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Diabetes is a chronic disease characterised by high levels of glucose in the blood. Blood sugar levels are controlled by insulin, a hormone produced by the pancreas. Diabetes occurs when the pancreas is unable to produce enough insulin, or the body becomes resistant to insulin, or both. There are three main forms of the disease as seen below. 

Diabetes is addressed at a national level through a range of programs and initiatives to support treatment and management of diabetes-related problems. Significant funding is also provided to ensure that quality clinical research is conducted into diabetes, and to maintain national monitoring and surveillance measures.

Book an appointment with a GP at Westridge Medical for a Diabetes Program and any tests you may need.


Programs that support management and treatment of diabetes conditions include:

  • The Medicare Benefits Schedule: provides subsidies for patient care and includes Medicare items for the planning and management of chronic and terminal conditions. Eligible patients can also be referred by a GP for up to five Medicare subsidised allied health services that are directly related to the treatment of their chronic condition, including diabetes.
  • The Pharmaceutical Benefits Scheme: provides subsidies for medicines used in the treatment of diabetes.
  • The National Diabetes Services Scheme – provides subsidised products including syringes and needles, blood glucose test strips, urine ketone test strips and insulin pump consumables to persons with diagnosed diabetes who are registered with the Scheme.


Diabetes is diagnosed when:

  • Symptoms are present and a fasting blood test returns a result at, or above, 7.0mmol/L.
  • A random fasting blood test returns a result at or above 11.1mmol/L.
  • A HbA1c (glycated haemoglobin) blood test returns a result of at, or above, 6.5%.
  • There have been no symptoms and two abnormal blood glucose tests are recorded on separate days.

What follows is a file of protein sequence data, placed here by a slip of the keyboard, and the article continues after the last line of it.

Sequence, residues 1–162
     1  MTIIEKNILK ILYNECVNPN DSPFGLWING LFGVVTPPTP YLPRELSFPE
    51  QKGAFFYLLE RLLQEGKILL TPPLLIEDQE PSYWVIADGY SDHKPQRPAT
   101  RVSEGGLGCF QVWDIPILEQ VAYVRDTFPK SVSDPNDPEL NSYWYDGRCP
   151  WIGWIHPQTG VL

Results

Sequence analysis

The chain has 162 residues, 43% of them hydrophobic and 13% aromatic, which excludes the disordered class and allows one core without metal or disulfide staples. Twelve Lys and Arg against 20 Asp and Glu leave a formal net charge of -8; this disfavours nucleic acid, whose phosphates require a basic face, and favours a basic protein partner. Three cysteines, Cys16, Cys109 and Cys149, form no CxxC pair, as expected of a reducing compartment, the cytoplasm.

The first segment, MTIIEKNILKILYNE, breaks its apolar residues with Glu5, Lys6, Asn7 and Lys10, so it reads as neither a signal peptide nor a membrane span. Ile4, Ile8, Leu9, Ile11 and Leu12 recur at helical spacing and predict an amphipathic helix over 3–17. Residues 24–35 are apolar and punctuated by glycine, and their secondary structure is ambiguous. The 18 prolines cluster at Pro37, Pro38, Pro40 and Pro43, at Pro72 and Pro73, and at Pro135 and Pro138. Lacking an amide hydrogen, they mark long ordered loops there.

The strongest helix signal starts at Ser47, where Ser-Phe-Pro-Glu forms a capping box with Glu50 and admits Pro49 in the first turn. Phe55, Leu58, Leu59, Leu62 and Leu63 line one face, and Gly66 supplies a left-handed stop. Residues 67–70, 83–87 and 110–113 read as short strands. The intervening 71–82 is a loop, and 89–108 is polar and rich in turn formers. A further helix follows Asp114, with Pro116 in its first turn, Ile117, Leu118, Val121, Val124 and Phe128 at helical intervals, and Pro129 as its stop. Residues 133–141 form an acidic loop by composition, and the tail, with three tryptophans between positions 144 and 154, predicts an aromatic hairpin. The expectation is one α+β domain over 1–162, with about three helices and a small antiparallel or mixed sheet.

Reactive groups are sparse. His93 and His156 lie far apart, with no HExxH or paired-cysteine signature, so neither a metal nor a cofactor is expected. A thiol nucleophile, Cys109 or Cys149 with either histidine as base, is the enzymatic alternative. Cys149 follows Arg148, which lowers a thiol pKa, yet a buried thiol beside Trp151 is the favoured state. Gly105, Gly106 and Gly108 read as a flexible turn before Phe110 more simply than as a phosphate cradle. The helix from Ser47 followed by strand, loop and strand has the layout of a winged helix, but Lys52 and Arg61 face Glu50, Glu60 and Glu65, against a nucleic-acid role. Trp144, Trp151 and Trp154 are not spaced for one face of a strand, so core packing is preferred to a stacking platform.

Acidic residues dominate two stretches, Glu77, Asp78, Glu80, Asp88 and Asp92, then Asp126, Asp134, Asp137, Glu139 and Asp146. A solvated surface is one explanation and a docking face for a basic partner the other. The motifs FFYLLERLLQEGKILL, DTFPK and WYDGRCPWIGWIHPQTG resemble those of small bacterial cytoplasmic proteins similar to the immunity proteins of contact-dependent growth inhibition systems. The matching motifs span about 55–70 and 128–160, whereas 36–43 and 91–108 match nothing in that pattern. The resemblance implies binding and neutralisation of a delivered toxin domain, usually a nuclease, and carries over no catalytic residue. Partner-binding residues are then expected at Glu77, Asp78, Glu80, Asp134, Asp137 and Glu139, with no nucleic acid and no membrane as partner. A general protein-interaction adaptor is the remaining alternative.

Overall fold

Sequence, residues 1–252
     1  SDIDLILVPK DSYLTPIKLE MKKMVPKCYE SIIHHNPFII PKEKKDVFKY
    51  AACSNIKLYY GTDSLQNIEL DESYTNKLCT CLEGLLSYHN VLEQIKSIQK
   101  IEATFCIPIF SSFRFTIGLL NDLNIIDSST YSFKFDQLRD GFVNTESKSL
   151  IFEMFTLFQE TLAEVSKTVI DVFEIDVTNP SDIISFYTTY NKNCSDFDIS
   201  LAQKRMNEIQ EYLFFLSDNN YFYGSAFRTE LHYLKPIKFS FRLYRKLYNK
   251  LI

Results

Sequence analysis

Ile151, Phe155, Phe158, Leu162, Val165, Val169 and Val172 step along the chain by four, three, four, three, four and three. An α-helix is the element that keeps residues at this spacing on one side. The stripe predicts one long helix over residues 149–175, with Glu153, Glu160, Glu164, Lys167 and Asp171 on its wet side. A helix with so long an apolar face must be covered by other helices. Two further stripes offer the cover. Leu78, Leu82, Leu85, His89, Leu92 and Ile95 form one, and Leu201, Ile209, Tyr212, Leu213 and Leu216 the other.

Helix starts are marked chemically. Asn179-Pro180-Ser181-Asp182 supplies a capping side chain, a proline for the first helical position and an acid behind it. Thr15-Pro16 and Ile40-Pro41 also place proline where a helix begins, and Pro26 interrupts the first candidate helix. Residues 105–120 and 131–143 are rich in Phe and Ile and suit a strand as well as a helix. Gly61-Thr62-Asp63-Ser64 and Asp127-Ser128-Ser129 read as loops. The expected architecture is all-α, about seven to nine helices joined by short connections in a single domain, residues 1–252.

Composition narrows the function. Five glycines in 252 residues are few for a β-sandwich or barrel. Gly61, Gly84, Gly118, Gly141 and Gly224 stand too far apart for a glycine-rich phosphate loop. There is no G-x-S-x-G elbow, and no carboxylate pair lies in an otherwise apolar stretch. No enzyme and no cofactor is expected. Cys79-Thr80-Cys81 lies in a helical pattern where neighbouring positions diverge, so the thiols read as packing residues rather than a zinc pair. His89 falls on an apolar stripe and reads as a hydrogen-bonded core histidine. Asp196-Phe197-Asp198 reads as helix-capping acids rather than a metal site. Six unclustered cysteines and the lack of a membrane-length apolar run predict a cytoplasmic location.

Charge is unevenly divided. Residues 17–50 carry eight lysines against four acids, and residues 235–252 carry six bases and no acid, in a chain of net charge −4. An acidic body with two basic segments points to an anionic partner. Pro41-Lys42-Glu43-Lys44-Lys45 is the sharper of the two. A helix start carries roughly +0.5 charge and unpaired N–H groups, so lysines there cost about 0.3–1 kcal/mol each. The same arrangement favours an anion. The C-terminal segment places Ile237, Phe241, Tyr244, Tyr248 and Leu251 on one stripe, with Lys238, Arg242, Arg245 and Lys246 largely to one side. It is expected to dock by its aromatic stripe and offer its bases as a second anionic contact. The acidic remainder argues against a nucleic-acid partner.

• Type 1 diabetes is an auto-immune disease where the body’s immune system attacks the insulin producing cells of the pancreas. People with type 1 diabetes cannot produce insulin and require lifelong insulin injections for survival. The disease can occur at any age, although it mostly occurs in children and young adults. Type 1 diabetes is sometimes referred to as juvenile onset diabetes or insulin dependent diabetes.
  • Type 2 diabetes is associated with hereditary factors and lifestyle risk factors including poor diet, insufficient physical activity and overweight or obesity. People with type 2 diabetes may be able to manage their condition through lifestyle changes; however, diabetes medications or insulin injections may also be required to control blood sugar levels. Type 2 diabetes occurs mostly in people aged over 40 years old, however, the disease is also becoming increasingly prevalent in younger age groups.
  • Gestational diabetes occurs during pregnancy. The condition usually disappears once the baby is born, however, a history of gestational diabetes increases a woman’s risk of developing type 2 diabetes later in life. The condition may be managed through adopting healthy dietary and exercise habits, although diabetes medication, including insulin, may also be required to manage blood sugar levels.